Cosma Shalizi has co-authored another paper (available here) which makes a similar point in a much more, let’s say, polite way. My impression is that Shalizi is both sharp and trustworthy (I’ve learned a lot about statistics from his blog) so I’m inclined to think he is on to something.

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Network medicine startups

There are two (well, I’m sure there are really more) interesting new startups that combine medicine with networks, albeit in different ways. NuMedii (which appears to be shorthand for New Indications of Medicines) uses a data-driven approach to discover new indications for previously existing drugs. This is potentially very useful because existing drugs have gone through rigorous tests for toxicity etc. and are therefore easier to bring to the market rather than developing a drug from scratch. NuMedii’s technology is based on academic work from Stanford and they have a killer team that includes the likes of Atul Butte and Eric Schadt. The company is currently looking for what is essentially a bioinformatics-slanted big data scientist; one of the responsibilities related to this position is to “Architect, develop, maintain, and document a computational infrastructure that efficiently executes complex queries across many terabytes (potentially petabytes!) of disparate data and knowledge on genomics, genetics, pharmaceuticals, and chemicals.” Petabytes!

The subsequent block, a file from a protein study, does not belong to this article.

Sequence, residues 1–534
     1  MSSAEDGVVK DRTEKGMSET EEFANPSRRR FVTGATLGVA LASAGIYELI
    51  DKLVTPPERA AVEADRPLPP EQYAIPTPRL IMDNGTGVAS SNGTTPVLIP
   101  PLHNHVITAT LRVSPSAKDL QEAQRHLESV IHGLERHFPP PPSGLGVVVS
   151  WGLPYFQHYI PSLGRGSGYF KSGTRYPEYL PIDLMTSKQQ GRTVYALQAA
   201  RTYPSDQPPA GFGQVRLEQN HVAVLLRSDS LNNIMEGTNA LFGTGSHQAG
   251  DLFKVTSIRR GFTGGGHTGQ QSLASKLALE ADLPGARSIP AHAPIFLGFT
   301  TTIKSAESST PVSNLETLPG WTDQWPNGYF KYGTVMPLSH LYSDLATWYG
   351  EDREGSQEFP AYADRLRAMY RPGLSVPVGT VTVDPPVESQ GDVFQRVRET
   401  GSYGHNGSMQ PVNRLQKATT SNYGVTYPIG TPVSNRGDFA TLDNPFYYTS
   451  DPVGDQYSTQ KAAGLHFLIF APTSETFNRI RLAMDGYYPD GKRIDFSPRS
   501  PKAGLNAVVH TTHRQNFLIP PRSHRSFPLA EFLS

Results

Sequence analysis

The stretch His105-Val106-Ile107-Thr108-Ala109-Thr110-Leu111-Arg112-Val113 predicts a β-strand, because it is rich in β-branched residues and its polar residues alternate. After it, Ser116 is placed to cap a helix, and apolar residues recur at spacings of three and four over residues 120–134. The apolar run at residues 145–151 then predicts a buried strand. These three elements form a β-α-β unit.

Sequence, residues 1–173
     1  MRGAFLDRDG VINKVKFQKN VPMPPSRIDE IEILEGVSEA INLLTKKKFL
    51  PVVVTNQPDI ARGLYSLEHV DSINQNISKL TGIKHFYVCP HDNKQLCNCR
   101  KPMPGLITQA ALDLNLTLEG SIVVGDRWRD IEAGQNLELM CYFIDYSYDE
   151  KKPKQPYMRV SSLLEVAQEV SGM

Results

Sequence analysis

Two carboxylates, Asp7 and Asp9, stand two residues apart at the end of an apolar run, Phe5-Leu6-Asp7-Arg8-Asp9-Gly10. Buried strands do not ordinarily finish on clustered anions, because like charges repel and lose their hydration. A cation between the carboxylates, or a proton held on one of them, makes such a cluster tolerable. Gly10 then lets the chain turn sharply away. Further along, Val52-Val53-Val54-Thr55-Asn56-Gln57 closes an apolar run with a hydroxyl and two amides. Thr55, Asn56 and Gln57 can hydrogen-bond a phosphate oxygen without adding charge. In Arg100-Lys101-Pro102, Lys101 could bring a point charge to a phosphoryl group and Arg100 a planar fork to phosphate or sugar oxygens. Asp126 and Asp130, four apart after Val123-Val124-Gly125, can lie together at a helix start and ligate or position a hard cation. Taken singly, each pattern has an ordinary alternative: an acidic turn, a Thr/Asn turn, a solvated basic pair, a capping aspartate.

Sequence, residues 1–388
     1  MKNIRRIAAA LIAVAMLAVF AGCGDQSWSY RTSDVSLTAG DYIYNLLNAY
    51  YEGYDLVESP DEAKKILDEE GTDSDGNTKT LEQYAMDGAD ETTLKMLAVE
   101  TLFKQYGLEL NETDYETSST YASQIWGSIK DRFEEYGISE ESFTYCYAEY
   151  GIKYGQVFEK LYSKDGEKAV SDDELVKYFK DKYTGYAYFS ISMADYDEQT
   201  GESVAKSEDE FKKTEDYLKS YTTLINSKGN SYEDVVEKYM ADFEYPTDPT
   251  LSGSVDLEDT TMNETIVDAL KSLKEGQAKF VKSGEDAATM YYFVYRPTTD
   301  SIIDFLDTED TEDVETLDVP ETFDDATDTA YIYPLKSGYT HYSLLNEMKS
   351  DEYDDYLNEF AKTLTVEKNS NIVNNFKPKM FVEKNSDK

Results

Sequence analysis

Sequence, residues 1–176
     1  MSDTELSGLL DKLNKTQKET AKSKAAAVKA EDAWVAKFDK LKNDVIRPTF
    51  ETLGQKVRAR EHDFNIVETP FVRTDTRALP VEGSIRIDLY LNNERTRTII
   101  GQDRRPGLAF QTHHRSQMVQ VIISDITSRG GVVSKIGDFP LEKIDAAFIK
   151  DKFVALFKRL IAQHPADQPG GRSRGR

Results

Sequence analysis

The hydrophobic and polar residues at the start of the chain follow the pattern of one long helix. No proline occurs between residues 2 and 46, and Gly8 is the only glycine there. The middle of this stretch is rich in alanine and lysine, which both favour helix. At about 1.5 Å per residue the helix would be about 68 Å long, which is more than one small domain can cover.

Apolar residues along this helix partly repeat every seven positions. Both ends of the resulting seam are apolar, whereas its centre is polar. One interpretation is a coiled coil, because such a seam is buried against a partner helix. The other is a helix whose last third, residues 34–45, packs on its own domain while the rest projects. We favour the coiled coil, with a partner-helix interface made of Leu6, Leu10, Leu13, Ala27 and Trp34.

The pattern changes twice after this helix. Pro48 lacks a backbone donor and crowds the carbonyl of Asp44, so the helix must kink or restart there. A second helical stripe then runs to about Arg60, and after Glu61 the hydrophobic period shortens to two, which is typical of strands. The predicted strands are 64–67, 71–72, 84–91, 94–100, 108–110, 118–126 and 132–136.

MedNetworks is also interesting, though a bit different. Its technology is based on the well-publicized work of Nicholas Christakis and colleagues at Harvard about how things like smoking and obesity appear to spread in social networks in an almost contagious way. (As an aside, I saw a random hipster at a Stockholm café sporting a copy of Christakis’ and Fowler’s book Connected: The Surprising Power of Out Social Networks – maybe network science is belatedly going mainstream here too!) MedNetworks studies things like how prescriptions of drugs are affected by the structures of social networks of physicians and patients. They attempt to identify “high influencers” in social networks, which is not necessarily the same as highly connected people. These high influencers have a strong influence on how drug prescribing behavior “diffuses” in a social network. Quoting the company website: “Optimized targeting for promotion based on social network influence provides a more efficient and effective approach to both personal and non-personal promotion.”